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  Comprehensive Commentary on the Heart Sutra
By: Heng-ching Shih




 
Our Price: $35.00
Members Price: $31.50
Author: Heng-ching Shih
Format: Hardcover

Product Code: 12085
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Description
 
The Pan-jo po-lo-mi-to hsin-ching yu-tsan is a comprehensive commentary on the Heart Sutra (Prajnaparamita-hrdaya-sutra) by K'uei-chi (632-682). The Heart Sutra, a Buddhist classic and the most popular sutra in China, comprises only two hundred and sixty-two words in the Chinese translation. However, it is said that the essence of the Prajnaparamita Sutra, and even the entire Mahayana teaching, is contained within it.
The Heart Sutra concisely elucidates the philosophy of sunyata (emptiness), which teaches that not only the self (atman) but also all dharmas -- the elements that make up our world -- are empty and ultimately nonexistent. The fact that all things in the phenomenal world are constantly changing indicates that they are devoid of inherent self-nature (svabhava). The reason that they are without selfhood is because they arise in dependence on causes and conditions (pratityasamutpada). Insight into the empty nature of everything leads to the perfection of wisdom (prajnaparamita).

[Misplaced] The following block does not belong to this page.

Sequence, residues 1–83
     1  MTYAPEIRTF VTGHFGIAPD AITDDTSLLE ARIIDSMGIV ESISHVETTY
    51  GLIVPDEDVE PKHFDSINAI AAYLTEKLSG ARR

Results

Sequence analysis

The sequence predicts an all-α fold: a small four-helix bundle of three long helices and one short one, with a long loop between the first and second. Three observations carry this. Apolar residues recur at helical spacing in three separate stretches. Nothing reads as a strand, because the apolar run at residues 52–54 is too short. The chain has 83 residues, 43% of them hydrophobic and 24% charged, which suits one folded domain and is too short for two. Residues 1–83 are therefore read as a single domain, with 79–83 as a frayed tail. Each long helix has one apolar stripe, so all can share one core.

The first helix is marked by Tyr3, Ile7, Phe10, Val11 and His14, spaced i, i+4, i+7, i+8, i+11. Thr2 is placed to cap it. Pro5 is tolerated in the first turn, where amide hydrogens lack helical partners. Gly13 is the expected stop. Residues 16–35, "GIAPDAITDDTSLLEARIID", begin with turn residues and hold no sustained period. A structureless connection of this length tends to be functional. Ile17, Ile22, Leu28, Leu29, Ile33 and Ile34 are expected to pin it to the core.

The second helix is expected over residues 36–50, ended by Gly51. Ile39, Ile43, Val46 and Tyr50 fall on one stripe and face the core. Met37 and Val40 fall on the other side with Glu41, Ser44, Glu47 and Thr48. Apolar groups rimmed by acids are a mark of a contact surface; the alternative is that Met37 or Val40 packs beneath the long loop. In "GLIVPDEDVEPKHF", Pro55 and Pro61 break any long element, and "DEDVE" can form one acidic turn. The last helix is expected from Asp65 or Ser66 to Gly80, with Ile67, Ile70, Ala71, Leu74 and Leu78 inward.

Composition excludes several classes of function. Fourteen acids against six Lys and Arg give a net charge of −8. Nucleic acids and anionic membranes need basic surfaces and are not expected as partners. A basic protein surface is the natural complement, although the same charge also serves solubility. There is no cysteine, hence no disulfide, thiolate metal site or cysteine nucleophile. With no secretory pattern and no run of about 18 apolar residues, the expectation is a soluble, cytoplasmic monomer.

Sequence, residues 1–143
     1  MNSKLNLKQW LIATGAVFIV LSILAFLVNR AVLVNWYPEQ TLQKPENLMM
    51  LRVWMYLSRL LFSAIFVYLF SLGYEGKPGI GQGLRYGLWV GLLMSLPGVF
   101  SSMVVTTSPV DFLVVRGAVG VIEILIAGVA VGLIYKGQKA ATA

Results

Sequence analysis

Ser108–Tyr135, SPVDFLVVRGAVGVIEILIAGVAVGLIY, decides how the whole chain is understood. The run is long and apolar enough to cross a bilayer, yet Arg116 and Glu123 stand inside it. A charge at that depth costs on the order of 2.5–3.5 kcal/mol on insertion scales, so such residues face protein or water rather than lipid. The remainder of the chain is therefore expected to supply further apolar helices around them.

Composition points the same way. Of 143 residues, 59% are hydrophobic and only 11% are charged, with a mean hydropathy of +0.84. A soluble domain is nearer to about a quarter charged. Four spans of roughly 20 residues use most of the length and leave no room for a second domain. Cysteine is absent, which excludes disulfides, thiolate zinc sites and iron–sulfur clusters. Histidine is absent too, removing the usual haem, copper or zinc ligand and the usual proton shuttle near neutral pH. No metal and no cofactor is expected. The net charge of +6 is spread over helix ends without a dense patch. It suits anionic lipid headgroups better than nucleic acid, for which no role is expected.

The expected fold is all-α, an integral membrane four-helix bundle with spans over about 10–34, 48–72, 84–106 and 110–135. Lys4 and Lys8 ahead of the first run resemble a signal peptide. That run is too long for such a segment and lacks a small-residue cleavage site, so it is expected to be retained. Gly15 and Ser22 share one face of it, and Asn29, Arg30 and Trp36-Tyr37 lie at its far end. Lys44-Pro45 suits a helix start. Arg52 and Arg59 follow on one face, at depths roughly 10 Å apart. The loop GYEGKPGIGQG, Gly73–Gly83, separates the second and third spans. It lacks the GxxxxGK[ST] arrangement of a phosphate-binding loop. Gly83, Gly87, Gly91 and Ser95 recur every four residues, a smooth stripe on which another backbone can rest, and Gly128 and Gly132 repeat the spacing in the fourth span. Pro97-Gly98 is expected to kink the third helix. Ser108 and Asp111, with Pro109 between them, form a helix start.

[...] The Pan-jo po-lo-mi-to hsin-ching yu-tsan is especially significant and unique in that K'uei-chi commented on the Heart Sutra from both Madhyamikan and Yogacarin perspectives. Thus, it became the only source of the Fa-hsiang school's view of Prajnaparamita thought.
The commentary can be roughly divided into two main parts. The first part expounds the meaning of the title, Prajnaparamita-hrdaya-sutra and goes on to describe the teachings and practice of the six perfections (paramitas) of the bodhisattva. The second part begins with an explanation of the bodhisattva stages (bhumis) and then gives a detailed elucidation of the text of the Heart Sutra, sentence by sentence. It first explains The meaning of practice by citing the five stages of practice as taught by the Yogacara schools, the ten perfections (paramitas), the thirteen adobes, etc. It goes on to explain the meaning and negate the reality of the characteristics of dharmas (dharma-laksanas), such as the five skandhas, the twelve sense fields, the eighteen realms, and the Four Noble Truths. Finally, it expounds the religious significance of the perfection of wisdom.


A Comprehensive Commentary on the Heart Sutra, Heng-ching Shih, Numata Center for Buddhist Translation and Research, Hardcover, 149 pages, $35.00

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